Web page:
There are currently 95 playable characters in Crossy Road, and they can be unlocked in various ways, and this is where the freemium model comes in. As mentioned, you can collect coins in game that you can use to win random characters from the prize machine. Players can also earn coins by watching in-game advertisements or simply playing the game for a certain period of time. It is also possible to spend money to unlock specific characters immediately. The business model is very consumer friendly, as nearly every character can be unlocked without spending money.
Crossy Road’s simple but challenging gameplay makes it a great way to occupy yourself on a morning commute. And at the low cost of free, can you really afford not to try it?
Ridiculous Fishing ($3)
A game that lives up to its name, Ridiculous Fishing puts players in the role of Billy, a fisherman hanging out on the surface of a lake. Gameplay is divided into three stages that flow together. First, the player must drop their hook into the water, avoiding fish and trying to descend as far as possible. Once the hook touches a fish, it will shoot upwards, and the player must steer the hook to grab as many fish as possible on the way up. Finally, when the hook reaches the surface all the fish will fly upwards and players must tap the screen to shoot the fish before they fall back into the water. The more fish you shoot, the more cash you win and spend on upgrades. All the pieces of Ridiculous Fishing flow together well. The game has a vibrant aesthetic, with various colorful fish designs that stand out against the simple background.
Desert Golfing ($2)
Angry Birds reimagined as purgatory, Desert Golfing challenges you to hit a hole-in-one on a series of increasingly difficult 2-D courses. The difficulty curve seems to arc toward infinity. There is a seemingly limitless supply of stages, and the difficulty likewise seems to increase along an infinite curve. Eventually, you may find yourself cursing the game and those who made it. You may throw your phone against a wall, hoping to break it along with Desert Golfing’s infernal hold on you. Yet, you will always return, for there is always another level, always another world to conquer, even if it takes you forever.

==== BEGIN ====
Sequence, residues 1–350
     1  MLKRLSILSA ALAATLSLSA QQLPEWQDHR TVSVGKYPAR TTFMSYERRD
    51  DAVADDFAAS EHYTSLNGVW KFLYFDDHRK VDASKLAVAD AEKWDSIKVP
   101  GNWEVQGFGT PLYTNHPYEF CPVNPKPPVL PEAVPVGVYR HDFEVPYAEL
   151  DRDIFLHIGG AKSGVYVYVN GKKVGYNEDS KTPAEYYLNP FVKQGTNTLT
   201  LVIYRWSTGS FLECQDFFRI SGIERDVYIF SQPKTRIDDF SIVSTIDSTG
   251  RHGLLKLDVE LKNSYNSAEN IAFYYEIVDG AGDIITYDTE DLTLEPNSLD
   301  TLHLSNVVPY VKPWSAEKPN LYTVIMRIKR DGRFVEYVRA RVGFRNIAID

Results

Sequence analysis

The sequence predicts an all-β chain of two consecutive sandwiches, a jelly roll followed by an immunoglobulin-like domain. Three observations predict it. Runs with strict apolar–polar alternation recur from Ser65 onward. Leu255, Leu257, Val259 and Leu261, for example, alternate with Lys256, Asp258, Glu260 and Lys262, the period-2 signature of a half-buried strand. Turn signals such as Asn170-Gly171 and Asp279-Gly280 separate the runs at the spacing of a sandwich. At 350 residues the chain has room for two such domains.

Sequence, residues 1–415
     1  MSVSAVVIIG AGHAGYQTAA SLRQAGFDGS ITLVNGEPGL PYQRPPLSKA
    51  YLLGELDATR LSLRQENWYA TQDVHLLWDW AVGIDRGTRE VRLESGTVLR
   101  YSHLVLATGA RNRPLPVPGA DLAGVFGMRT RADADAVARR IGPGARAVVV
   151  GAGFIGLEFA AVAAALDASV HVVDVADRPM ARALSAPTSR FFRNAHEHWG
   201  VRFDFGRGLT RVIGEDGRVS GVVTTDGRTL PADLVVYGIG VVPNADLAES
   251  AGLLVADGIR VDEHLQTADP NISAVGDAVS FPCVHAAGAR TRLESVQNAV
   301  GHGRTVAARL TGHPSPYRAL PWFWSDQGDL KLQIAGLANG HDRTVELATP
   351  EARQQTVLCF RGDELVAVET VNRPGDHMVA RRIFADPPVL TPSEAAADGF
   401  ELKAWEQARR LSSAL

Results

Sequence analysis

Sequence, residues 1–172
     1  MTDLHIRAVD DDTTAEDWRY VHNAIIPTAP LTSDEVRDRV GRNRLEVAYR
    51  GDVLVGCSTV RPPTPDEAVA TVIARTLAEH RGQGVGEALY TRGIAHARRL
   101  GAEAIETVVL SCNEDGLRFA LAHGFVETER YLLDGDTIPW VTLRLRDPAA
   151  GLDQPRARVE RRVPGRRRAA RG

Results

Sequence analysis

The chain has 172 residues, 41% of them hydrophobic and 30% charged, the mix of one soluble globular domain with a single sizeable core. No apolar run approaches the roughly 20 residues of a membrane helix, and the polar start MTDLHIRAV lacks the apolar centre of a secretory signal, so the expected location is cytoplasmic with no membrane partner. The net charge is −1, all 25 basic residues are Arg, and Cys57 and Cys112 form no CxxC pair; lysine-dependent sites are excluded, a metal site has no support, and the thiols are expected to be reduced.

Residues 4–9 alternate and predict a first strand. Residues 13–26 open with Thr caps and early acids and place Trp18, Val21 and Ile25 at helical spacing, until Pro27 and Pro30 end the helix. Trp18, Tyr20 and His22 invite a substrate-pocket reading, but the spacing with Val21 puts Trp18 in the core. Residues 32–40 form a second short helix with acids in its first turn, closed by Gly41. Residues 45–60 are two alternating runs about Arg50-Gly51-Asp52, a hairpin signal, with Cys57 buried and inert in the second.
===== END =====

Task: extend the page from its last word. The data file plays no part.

Zen Pinball HD (Free)
By perfectly emulating the physics of actual pinball, Zen Pinball HD gives you a top-notch simulation of the real thing. The developers take advantage of the digital nature of the game, crafting a variety of diverse and crazy tables to play on. In addition to the standard stables, you can also buy additional tables with themes from popular brands like Marvel and Star Wars. Zen Pinball HD provides all the fun of pinball in the palm of your hand, and with no need to carry quarters in your pocket. Well, almost all of the fun — slamming your hand on your phone probably isn’t as satisfying as on a real pinball table.
Fruit Ninja ($1)
There are not a ton of mobile games that challenge your reflexes. Fruit Ninja decided to carve that niche itself, with a finely-honed katana. The game is simple: Fruit will be hurled at you, and you can swipe the screen with your finger to slash. Keep slashing fruit quickly to build up a huge score. There is not a whole lot of depth to Fruit Ninja, just good and messy fun.